In addition, there were no real campaigns on the ground. “The president himself did not participate in his own presidential campaign,” he added.
  • “The whole world could see al-Sisi was to win”
    Muhammadi al-Garhi
  • “Some of the invalid ballots meant to express their outrage regarding what happened with Shafeeq and Anan”
    Mustafa Kamel al-Sayed

Al-Garhi explains that Election 2012 had lower abstention rate because the youth in particular insisted on participating in the election, believing that it was a part of their revolution. “That kind of feeling was not present at the same level in 2018,” he said.

Al-Sayed continued that the first presidential election after January 2011 had less abstainers because it had  a real competition with real presidential campaigns on the ground. “Furthermore, the economic status was no as bad as today,” he believes.

Abstention across governorates

The following interactive maps uncover a number of indicators. For example, we can see Great Cairo, Delta and Canal governorates were of low abstention percentage in Election 2012. This cluster of highly active governorates has started to disintegrate in the last two presidentials, with the exception of Gharbia. Abstention rose up in Giza, for instance, from 47% in 2012 to 70% in 2018. In Suez, it went from 45% up to 60%.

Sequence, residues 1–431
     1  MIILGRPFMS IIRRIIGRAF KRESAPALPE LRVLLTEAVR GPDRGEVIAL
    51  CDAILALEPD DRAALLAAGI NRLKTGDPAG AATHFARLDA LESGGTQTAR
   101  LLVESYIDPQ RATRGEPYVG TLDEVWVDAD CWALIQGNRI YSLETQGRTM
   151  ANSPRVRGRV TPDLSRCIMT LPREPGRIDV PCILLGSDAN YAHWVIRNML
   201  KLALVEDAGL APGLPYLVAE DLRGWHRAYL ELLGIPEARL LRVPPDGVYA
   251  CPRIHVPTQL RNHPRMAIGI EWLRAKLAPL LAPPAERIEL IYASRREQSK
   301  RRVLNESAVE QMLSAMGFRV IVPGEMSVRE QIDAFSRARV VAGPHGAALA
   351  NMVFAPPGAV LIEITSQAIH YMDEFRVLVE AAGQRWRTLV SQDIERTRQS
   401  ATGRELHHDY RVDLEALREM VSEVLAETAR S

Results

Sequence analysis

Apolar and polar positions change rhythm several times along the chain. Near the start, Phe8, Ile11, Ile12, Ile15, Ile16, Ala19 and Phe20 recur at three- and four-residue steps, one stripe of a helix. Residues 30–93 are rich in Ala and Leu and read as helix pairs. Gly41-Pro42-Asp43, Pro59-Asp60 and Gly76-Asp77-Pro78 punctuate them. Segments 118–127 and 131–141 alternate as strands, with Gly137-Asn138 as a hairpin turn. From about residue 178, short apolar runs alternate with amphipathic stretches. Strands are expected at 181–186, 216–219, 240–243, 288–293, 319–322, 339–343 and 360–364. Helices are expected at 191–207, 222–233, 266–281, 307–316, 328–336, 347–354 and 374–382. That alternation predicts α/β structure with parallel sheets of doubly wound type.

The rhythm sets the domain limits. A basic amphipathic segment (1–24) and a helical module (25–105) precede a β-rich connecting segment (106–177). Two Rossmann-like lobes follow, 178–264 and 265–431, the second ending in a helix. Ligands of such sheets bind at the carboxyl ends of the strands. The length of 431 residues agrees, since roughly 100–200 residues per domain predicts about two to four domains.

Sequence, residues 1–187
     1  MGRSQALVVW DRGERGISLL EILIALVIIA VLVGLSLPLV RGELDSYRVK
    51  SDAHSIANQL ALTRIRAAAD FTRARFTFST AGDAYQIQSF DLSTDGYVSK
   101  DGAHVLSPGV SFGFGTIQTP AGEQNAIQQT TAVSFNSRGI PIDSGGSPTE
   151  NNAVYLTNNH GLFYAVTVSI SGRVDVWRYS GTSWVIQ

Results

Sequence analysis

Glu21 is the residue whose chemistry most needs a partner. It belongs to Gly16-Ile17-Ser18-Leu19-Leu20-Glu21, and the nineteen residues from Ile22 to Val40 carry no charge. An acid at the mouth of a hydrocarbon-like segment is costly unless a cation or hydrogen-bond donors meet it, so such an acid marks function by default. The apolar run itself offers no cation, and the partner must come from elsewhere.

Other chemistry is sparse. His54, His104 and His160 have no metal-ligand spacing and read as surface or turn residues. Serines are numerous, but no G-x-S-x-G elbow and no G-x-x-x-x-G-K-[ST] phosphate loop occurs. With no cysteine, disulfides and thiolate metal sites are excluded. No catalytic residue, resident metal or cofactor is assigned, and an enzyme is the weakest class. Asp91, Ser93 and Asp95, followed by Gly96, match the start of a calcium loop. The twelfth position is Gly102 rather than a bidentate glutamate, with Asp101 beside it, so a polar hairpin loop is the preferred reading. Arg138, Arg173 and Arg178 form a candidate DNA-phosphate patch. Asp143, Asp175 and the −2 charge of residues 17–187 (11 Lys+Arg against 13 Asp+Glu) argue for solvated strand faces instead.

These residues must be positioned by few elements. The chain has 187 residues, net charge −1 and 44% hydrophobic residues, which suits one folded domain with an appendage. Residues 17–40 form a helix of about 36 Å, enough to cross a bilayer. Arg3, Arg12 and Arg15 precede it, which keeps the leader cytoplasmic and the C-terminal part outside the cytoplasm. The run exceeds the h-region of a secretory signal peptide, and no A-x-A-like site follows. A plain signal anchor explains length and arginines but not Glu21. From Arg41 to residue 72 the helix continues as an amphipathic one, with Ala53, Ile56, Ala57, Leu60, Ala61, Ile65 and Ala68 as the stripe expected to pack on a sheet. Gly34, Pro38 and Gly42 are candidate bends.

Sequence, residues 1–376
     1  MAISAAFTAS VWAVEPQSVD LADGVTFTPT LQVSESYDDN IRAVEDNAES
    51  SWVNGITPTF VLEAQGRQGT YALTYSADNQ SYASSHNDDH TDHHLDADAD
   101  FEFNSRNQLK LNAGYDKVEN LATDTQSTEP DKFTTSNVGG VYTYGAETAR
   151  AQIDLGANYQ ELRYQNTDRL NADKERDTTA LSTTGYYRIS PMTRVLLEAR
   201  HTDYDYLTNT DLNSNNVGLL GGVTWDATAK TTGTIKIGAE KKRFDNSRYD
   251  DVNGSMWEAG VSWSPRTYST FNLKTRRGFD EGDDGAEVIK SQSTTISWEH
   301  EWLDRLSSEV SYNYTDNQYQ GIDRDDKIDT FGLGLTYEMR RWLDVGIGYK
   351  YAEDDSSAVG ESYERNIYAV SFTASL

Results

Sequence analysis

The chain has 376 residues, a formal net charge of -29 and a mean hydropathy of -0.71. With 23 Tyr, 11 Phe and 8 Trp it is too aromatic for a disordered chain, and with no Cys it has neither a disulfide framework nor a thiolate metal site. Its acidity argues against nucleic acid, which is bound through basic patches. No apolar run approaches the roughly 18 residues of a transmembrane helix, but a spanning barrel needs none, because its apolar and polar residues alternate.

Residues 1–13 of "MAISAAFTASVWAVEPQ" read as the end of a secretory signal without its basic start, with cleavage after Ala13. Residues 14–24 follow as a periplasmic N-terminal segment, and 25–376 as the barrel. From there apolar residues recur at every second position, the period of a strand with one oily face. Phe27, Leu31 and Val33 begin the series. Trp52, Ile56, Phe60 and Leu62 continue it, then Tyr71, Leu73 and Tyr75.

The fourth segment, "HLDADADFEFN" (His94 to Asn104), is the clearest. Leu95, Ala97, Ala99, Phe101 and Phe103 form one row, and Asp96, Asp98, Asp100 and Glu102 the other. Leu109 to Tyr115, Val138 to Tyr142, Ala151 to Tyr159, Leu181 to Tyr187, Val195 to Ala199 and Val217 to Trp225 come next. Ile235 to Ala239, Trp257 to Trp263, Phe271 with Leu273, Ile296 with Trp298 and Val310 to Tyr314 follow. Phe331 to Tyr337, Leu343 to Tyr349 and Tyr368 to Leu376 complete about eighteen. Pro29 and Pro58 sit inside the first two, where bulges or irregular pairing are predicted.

Other governorates did not have a clear trend, like Kafr El-Sheikh. A few governorates were more politically active in 2018 than 2012. On top of them is al-Wadi al-Gadeed governorate that stood at 58% abstention percentage in 2012, and went down to 41% in 2018.

Move the slider to explore differences between each two maps
Red color resembles governorates of 50% abstention or more. The higher red value, the greater abstention is. Green color, on the contrary, resembles governorates of abstention less than 50%. The higher green value, the lower abstention is.
Comparing Election 2018 with itself, Aswan, Qena and Giza were of the highest abstention at 70%, North Sinai and Luxor followed at 69% 68% respectively.
On the other hand, al-Wadi al-Gadeed, South Sinai and Gharbia were of the least abstention at 41.2%, 48.3% and 49% respectively. Then comes Menoufia and Port Said that both recorded 52%.